Kim Jong Un warned last week that the U.S. has until the end of this year make a “bold decision” demonstrating a “true willingness to improve its relations with the DPRK” if it wants a third U.S.-North Korea summit. Kim’s demand will test whether the U.S. and South Korea have learned from past mistakes, especially the danger of making concessions just to keep diplomacy alive.
Despite Kim’s accusation that current U.S. policy is “foolish and dangerous,” President Trump tweeted that “a third summit would be good” since both sides now understand each other. Similarly, South Korean President Moon Jae-in responded on Monday to Kim’s speech by urging, “Now is the time to make preparations and push for South-North summit talks in earnest.”
Additionally, Moon’s recent appointment of Kim Yeon-chul as unification minister raises concerns about how much Seoul is willing to give up to prolong talks with the North. The new minister has advocated for resuming inter-Korean economic projects, such as the Kaesong Industrial Complex and Kumgang Mountain Resort, to foster trust and accelerate the peace process.
The history of negotiations with North Korea shows that such incentives do not work. Numerous rounds of bilateral and multilateral negotiations all saw Pyongyang reap financial or humanitarian benefits, only to cheat on the resulting agreements. Concessions may prolong diplomacy but have not led North Korea to denuclearize.
The failed Hanoi summit in February confirmed that Kim seeks significant sanctions relief without reciprocating. Kim’s reluctance to negotiate a clear roadmap leading to Pyongyang’s verifiable denuclearization confirms these suspicions.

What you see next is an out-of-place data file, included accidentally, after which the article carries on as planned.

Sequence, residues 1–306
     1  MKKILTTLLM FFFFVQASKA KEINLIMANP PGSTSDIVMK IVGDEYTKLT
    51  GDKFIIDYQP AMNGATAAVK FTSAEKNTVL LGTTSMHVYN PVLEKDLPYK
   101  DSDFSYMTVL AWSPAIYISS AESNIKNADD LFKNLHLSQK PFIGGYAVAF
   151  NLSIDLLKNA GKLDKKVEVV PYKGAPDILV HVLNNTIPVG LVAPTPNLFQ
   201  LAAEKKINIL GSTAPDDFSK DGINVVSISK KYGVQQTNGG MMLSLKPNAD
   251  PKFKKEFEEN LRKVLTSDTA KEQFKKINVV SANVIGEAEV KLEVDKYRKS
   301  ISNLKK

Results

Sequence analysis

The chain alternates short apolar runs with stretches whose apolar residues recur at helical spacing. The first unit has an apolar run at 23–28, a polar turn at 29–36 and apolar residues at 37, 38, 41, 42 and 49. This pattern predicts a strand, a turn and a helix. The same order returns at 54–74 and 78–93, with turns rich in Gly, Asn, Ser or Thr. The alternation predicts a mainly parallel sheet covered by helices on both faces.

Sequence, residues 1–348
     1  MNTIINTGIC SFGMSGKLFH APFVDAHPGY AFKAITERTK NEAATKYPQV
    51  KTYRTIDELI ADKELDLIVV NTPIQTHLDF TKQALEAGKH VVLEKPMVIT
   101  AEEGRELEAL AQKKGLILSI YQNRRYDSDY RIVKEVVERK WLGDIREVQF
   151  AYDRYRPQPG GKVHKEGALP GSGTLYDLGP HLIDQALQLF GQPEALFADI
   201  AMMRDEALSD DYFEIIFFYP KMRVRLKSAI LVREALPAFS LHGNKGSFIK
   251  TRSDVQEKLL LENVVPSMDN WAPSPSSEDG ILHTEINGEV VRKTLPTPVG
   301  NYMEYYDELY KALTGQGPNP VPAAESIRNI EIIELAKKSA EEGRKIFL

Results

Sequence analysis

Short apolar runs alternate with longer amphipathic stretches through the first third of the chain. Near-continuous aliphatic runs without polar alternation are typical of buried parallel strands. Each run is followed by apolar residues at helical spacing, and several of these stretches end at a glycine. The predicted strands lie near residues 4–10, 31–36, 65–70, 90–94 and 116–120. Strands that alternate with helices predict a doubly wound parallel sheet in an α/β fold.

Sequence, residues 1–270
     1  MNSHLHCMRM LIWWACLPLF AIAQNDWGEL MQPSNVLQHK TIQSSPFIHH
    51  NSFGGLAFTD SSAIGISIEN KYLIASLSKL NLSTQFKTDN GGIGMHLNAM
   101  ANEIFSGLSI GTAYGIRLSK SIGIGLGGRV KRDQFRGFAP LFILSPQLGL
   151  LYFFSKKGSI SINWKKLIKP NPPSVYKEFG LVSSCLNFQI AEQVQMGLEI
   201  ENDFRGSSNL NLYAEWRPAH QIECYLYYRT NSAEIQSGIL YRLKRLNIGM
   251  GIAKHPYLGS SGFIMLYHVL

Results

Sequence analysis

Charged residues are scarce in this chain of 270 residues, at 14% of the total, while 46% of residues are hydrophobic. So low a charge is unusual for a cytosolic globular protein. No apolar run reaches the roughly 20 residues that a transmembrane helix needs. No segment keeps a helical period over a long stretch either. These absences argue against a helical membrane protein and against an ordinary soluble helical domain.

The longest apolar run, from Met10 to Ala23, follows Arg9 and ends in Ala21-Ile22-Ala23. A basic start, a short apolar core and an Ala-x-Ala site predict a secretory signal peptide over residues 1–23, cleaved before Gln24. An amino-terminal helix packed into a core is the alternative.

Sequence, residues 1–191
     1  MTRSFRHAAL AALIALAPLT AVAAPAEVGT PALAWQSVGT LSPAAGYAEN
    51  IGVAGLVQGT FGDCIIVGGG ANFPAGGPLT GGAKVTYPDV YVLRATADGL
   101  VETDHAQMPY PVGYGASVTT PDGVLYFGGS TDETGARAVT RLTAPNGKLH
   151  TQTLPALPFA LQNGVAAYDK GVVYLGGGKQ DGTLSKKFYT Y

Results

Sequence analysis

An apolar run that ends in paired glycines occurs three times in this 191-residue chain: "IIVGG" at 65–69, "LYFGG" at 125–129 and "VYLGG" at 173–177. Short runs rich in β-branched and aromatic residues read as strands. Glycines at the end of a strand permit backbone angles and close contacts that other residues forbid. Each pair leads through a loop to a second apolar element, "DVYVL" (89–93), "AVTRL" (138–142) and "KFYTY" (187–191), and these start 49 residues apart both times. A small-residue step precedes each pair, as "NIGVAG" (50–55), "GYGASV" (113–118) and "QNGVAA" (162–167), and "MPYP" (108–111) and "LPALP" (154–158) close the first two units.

Neither Washington nor Seoul can afford to repeat past failures of trying to break a deadlock in negotiations by rewarding Kim for his intransigence. Prolonging top-down negotiations will be futile considering Kim has not made the strategic choice to denuclearize. A third summit should happen not when the U.S. adopts a more flexible attitude, but rather when North Korea does.
Instead, the administration should consider ramping up pressure on Kim for his destabilizing nuclear ambitions. The administration’s original “maximum pressure” campaign, which combined economic sanctions, diplomatic isolation, and vigorous deterrence, should serve as a template. Yet well before the pressure reached a maximum, Kim undercut this effort by entangling Washington and Seoul in a fruitless diplomatic process.
While the U.S. and North Korea talk, Russia, China, and other UN member states continue to support Pyongyang’s sanctions evasion schemes. Despite such evidence, President Trump insists that the current sanctions regime is adequate. On the contrary, an enhanced maximum pressure campaign is essential to altering Kim’s strategic calculus so there can be productive and fruitful negotiations.
Mathew Ha is a research associate focused on North Korea at the Foundation for the Defense of Democracies (FDD), where he also contributes to FDD’s Center on Military and Political Power (CMPP) and the Center on Economic and Financial Power (CEFP). Follow Mathew on Twitter @MatJunsuk. Follow FDD on Twitter @FDD, @FDD_CMPP, and @FDD_CEFP. FDD is a Washington-based, nonpartisan research institute focusing on national security and foreign policy.